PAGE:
The following section will discuss some of the benefits of selective dorsal rhizotomies.
What are the Benefits of Selective Dorsal Rhizotomy?
Spasticity can significantly restrict movement and decrease an individual’s quality of life by causing pain, poor sleep quality, and the inability to walk.
By reducing spasticity, SDR can promote:
- Greater range of motion
- Reduced muscle and joint pain
- Improved quality of sleep
- Improved gait
- Better sitting and standing balance
A study that followed 294 adults who underwent selective dorsal rhizotomy as children found that the benefits of SDR continued into adulthood with no long-term complications. Likewise, individuals who received selective dorsal rhizotomies as children were significantly more likely to have less functional decline compared with age-matched controls.
Spasticity can place severe strain on the musculoskeletal system, causing the body to expend more energy to function and age at an increased rate. It’s suggested that by relieving spasticity, selective dorsal rhizotomies may be able to prevent premature aging in individuals with cerebral palsy.
Up next, we’ll discuss potential risks associated with this procedure.
What are Potential Complications of Selective Dorsal Rhizotomy?
As with any surgery, there are potential complications that may occur during or as a result of selective dorsal rhizotomy.
- Leaking of cerebrospinal fluid
- Skin irritation
- Reduced sensation
- Spinal deformity
- Bowel and bladder dysfunction
- Back pain
If you experience any of these complications after your procedure, speak to your doctor as early as possible. The sooner these complications are identified and addressed, the less likely they are to progress and impact your quality of life.
The following sections will discuss the importance of participating in rehabilitative therapies after SDR.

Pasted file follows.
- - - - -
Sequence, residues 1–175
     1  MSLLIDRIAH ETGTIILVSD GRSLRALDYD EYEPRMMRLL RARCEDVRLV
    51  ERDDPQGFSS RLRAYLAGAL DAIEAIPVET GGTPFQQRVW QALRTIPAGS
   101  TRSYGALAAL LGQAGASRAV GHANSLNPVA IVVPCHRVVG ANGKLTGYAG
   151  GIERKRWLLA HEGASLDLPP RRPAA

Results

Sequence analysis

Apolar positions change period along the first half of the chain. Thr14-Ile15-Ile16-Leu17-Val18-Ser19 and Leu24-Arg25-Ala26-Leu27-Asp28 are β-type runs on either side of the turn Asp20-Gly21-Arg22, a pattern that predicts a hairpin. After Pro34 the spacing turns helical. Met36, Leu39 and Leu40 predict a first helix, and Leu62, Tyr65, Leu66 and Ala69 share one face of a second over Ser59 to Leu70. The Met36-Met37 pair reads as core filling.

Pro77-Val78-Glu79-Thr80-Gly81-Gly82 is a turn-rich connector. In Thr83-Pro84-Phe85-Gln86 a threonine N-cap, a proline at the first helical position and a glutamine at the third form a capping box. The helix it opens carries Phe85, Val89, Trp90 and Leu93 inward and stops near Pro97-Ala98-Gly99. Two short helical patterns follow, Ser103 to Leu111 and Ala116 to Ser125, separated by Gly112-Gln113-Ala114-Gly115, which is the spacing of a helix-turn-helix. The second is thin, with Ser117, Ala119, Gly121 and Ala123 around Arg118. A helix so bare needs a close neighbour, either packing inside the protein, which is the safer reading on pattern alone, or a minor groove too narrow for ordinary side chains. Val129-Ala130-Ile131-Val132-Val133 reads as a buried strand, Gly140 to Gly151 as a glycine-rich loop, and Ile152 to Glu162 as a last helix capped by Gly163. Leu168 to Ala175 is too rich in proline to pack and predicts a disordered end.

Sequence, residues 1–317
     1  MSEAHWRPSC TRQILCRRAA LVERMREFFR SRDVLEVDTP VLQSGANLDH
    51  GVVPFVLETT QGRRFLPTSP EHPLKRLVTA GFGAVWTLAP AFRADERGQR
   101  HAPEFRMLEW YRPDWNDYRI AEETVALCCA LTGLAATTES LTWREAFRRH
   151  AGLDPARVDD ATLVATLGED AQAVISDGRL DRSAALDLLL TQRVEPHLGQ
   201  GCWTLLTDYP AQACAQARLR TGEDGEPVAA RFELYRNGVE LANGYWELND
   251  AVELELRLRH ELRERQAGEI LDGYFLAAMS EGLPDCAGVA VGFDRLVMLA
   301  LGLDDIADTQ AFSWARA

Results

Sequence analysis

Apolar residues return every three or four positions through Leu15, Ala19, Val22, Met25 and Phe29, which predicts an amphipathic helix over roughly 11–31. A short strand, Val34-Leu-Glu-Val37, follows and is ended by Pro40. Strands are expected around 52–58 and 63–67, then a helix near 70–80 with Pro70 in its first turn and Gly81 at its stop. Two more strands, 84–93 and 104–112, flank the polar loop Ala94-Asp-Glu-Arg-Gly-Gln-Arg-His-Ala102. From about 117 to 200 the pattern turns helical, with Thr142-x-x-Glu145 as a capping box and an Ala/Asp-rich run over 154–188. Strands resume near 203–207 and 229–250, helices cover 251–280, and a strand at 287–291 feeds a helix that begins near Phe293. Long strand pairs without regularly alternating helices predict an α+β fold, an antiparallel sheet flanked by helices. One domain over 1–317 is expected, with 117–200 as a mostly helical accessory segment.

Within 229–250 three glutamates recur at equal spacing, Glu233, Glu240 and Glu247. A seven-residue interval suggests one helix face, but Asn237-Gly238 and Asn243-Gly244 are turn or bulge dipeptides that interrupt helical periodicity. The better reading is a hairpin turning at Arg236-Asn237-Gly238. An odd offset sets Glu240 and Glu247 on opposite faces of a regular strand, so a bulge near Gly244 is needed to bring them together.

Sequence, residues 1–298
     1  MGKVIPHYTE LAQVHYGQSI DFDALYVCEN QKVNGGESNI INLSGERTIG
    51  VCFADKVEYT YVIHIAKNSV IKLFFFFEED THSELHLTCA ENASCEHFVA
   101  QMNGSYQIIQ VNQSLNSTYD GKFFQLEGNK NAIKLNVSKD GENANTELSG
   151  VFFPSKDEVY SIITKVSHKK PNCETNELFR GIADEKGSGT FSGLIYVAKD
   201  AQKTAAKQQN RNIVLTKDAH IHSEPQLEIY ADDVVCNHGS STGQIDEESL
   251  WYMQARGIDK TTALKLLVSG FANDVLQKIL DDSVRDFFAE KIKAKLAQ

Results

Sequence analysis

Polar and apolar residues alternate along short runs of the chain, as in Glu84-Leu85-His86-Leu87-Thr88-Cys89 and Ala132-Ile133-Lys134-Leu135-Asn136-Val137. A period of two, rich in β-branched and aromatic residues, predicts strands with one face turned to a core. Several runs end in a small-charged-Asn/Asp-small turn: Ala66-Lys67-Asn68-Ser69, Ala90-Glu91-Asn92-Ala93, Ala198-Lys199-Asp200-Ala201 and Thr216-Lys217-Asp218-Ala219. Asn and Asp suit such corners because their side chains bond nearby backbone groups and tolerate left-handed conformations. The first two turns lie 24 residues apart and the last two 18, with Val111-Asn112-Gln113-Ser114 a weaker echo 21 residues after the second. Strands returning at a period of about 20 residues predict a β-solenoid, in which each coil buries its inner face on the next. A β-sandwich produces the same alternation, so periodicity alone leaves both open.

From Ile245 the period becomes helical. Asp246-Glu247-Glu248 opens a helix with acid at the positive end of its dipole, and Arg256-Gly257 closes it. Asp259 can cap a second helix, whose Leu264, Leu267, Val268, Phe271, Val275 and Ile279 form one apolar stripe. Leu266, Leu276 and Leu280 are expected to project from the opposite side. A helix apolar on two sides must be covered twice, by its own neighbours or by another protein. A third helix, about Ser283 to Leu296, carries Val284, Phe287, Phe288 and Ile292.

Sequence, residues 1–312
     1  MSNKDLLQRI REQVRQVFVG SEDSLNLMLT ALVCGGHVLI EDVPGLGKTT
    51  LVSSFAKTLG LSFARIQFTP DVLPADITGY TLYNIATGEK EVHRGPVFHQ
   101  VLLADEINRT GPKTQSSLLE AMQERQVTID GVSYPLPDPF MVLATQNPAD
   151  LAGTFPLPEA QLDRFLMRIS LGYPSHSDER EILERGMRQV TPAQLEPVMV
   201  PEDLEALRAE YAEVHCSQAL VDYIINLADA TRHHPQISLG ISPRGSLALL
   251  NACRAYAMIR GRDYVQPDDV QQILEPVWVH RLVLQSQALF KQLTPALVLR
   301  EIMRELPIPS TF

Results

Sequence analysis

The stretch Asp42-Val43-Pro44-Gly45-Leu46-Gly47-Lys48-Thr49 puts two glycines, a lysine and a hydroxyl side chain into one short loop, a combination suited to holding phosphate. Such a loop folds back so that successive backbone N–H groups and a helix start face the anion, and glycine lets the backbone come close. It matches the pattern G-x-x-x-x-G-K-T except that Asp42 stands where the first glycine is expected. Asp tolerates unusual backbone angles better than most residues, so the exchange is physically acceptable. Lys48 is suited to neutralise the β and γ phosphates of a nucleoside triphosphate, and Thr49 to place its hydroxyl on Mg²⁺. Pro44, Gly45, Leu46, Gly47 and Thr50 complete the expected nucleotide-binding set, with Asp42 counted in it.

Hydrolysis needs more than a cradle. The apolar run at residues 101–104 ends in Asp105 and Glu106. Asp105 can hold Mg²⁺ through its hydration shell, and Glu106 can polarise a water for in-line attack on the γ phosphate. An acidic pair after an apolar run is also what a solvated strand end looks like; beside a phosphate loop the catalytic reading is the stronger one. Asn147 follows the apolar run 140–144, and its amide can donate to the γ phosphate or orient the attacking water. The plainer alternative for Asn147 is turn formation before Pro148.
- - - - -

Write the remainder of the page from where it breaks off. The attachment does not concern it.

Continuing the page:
How to Optimize Functional Outcomes After Selective Dorsal Rhizotomy
Recovery after a selective dorsal rhizotomy always includes participation in rehabilitative therapies such as physical and occupational therapy. These interventions help individuals get accustomed to reduced spasticity in the legs and practice the exercises and activities necessary to improve their functional mobility.
A physical therapist will have individuals practice targeted exercises that stimulate the muscles and improve movement patterns. In contrast, an occupational therapist will work on developing the client’s functional independence by practicing activities of daily living such as dressing or transferring.
Consistently practicing these rehabilitative exercises and activities will stimulate the central nervous system to make adaptive changes. Neuroplasticity is the brain and spinal cord’s ability to reorganize its neural circuitry. It allows for functions affected by spasticity or damage to the central nervous system to be rewired to unaffected regions and improved.
Neuroplasticity is significantly influenced by the behaviors you consistently perform. Therefore, repetitively practicing the specific exercises and activities you learn in rehabilitative therapies can help reinforce demand for those functions and promote adaptive changes.
Selective Dorsal Rhizotomy: Key Points
To permanently treat spasticity in individuals with spastic cerebral palsy, a doctor may recommend selective dorsal rhizotomy. This surgery involves cutting sensory nerve roots in the spinal cord to prevent overactive muscle contractions.
While SDR will not magically improve motor functions in individuals with cerebral palsy, the procedure can help improve their quality of life by preventing motor impairments from worsening and causing further complications. With the help of rehabilitative therapies, individuals can learn the exercises and activities necessary to promote neuroplasticity and improve their mobility.
We hope this article helped you understand what SDR is and how it can help individuals with cerebral palsy improve their functional abilities.